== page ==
A New York State Senate panel, led by Senator John Flanagan (R-L.I.), recently issued a landmark report that could change the playing field in this state regarding standardized testing linked to Common Core State Standards. Not only does the report indicate that “standardized testing should be reduced,” but also that student data must be better protected and standardized testing in grades Pre-K-2 should be completely eliminated. The report, which used significant input from parents and educators, should rattle the guys up in Albany and in other state education departments across the country.
In a galaxy far away and a time not so long ago, teachers were actually able to teach; however, we have entered into a prolonged period of conflict, which I like to call Common Core Wars. At this point there have been those who have tried to remove the yolk of oppression caused by standardized testing that has weighed us down for so long now; however, the evil empire (testing companies, state education departments, and their political lackeys) have long ruled with an iron fist. The “emperor” in this case turns out to be the Bill and Melinda Gates Foundation, the driving force behind Common Core. Is it any wonder that this thing has become the equivalent of an educational hydra that is nearly impossible to fight against?
No matter how impossible the odds seem, teachers, parents, and students have been putting up the good fight for change for the last two years. When the Common Core State standards were dumped upon us, as some sort of edict from on high, we were thrust into an uncomfortable place where teachers were given a new way to teach without being prepared to do so, testing was linked to the standards, and test grades were made part of end of year evaluations that would determine whether or not teachers would keep their jobs and if students could move on to the next level.
Here in New York, the “rebel alliance” of teachers, parents, students, and some political leaders fought the good fight, even if it seemed that their weapons of persuasion were no match for the imperial might; however, some cracks started showing in the empire’s armor. Parents demonstrated with their children; teachers did the same, and highly respected and experienced people (Diane Ravitch, Catholic scholars, and writers such as Robert Shepherd and Anthony Cody) came out against the CCSS.
Recently, New York State Commissioner of Education John B. King was almost run out of town on a rail by Long Island parents (two towns actually – Mineola and Melville) after he tried to defend the CCSS and the standardized testing connected to it. They shouted him down and led to him canceling a similar event in Garden City. As chief spokesperson for the evil empire, he found that the people are mad as hell and aren’t about to take it anymore.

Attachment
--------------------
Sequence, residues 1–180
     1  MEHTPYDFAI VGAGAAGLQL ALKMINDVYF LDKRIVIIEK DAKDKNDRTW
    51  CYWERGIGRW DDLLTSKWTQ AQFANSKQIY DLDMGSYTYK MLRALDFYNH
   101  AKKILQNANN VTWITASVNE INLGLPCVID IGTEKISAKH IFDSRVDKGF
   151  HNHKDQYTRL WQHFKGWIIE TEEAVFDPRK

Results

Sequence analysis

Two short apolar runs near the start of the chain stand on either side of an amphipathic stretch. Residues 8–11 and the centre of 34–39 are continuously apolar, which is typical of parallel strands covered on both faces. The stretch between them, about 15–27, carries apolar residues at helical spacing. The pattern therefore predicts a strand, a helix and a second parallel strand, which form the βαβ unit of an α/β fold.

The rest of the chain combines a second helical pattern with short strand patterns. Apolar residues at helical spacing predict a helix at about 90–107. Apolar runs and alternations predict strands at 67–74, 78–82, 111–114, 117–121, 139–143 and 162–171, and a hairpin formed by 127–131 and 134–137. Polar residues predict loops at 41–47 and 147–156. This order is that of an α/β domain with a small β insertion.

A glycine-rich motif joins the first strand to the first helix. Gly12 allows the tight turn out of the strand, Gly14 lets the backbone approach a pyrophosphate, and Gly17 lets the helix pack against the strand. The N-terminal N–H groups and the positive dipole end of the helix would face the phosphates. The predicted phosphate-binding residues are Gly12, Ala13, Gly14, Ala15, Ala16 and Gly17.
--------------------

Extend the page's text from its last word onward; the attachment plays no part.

In the grand scheme of things, nothing changes as of this moment, but the imperial powers that be are starting to realize the rebels are advancing. With the looming exit of New York City Mayor Michael Bloomberg, one of the key advocates of the CCSS (and teacher evaluations associated with them) is gone. Mayor-elect Bill de Blasio has indicated that he will undo many of the nefarious machinations of Darth Bloomberg, including the rush to close schools and open charters, ignore parental concerns, and minimize the importance of teachers in the educational equation. In short the “rebels” seem to have a friend in Gracie Mansion after twelve years of Bloomberg’s insidious plans.
Slowly it is becoming apparent that there was a misfire with the CCSS. The initial concepts that led to their creation and implementation – that children should learn more deeply and rigorously and be prepared for college – were actually a positive thing. But like all great ideas, there is always some way to warp their trajectory, and this is what has happened here.
In New York State, the CCSS were utilized as a means to an end. Why not set up impossible new standards, ill-prepare teachers to use them in the classroom, require that they be linked to standardized tests, and then use those test scores as part of teacher evaluations? It seems like a pernicious plot from a bad B-movie, but it is the case. It boggles the mind that the evil empire got as far as it did, but there are those in the alliance who refused to back down.
We still have a long way to go, but the state senate report is a good sign that things are going to change in Albany. How long will it take for that to reach the classroom? It is hard to say right now, but teachers, parents, and students in New York and all around the nation deserve better, but we all cannot relax our efforts until we can be certain that the Common Core Wars saga is over once and for all.